This is odd. The press release accompanying this record describes the band’s latest full length, but the record I was sent is Bob Tilton’s 1996 debut, Crescent. (Editor’s Note: The US release date was October 26, 1999.) Not that that matters much with a band like this. Let me explain.
I was very excited to hear this upon initial examination. Heralded as the British kings of “emo,” (perhaps the most trite musical genre yet-an amalgam of jangly indie/hardcore guitar rock, bad poetic lyrics, “emotional” imagery, and crying. Although it’s been flourishing underground since the mid-80’s in various forms and stratum, only recently has the style achieved more commercial success, with annoyingly catchy bands such as the Promise Ring and the Get Up Kids) named after an American televangelist and showcased in handsome packaging, no doubt done by a band member/graphic designer (which is usually the case with these bands), this baby could either sink or swim.
Unfortunately, and like too many bands of this type, it’s not very good. Here’s why: 1. The production is very bad. The guitars sound mushy, low and undefined. 2. The vocals are among the worst I’ve ever heard. What we have is a case of the singer ruining an otherwise mediocre record with a terrible, trembly, flat voice that is painful to listen to. Many times, the typical emo band will get out of this situation by having the vocalist scream and/or yell. Here, the singer is actually attempting to sing, and failing miserably. 3. Emo lyrics are without a doubt the most awful, laughable bunch of words assembled in any musical medium. Reading like a bad 11th grade English class poetry assignment, Bob Tilton come up with such pearls of wisdom as “I’ll paint you pictures of what it’s like down here/if you promise me skies like red red roses,” and “I stayed indoors/and tried to wash the carpets clean/I couldn’t get the blood out.” So very deep. 4. The music is just plain boring.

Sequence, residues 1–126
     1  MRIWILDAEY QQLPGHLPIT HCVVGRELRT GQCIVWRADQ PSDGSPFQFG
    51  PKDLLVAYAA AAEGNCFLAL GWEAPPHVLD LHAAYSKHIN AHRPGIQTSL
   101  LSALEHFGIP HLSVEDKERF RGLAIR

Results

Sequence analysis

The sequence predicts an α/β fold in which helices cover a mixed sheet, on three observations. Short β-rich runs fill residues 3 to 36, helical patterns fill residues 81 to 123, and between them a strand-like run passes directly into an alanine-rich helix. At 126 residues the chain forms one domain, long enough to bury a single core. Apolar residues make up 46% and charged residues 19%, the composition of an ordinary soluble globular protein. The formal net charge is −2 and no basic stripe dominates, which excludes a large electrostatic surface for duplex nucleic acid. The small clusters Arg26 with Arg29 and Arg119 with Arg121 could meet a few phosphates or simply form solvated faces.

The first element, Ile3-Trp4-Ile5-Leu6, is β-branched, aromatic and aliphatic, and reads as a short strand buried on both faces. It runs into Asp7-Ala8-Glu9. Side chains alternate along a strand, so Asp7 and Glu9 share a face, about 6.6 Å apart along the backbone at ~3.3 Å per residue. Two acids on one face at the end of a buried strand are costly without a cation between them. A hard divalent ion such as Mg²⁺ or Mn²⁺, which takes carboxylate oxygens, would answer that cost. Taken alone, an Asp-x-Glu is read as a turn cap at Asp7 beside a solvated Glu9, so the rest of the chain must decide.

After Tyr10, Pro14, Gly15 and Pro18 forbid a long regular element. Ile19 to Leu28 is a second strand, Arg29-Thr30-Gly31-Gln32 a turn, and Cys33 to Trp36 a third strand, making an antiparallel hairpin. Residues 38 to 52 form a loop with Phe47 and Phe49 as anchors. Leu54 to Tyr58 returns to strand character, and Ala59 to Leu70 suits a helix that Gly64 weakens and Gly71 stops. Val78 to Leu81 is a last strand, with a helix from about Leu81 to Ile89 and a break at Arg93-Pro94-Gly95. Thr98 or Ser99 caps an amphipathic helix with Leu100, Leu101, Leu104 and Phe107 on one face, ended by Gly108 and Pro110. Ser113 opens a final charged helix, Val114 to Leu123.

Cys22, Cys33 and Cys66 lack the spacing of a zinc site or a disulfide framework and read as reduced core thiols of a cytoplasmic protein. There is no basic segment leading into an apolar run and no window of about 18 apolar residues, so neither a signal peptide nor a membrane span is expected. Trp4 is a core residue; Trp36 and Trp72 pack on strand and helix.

Not as sprawling as Sunny Day Real Estate nor as intense as New Jersey’s now-defunct You and I, Bob Tilton falls in comfortably with a 100 other nondescript bands who wear their hearts on their sleeves in order to get girls. In fact, the coolest thing about them is that they’re from England. I’ve discovered from years of listening to this kind of crap that it’s a simple formula that is very hard to pull off well. Do yourself a favor and don’t waste your time on this.
// Sound Affects
"More sock-hop than hip-hop, soulster Timothy Bloom does a stunning '50s revamp on contemporary R&B.READ the article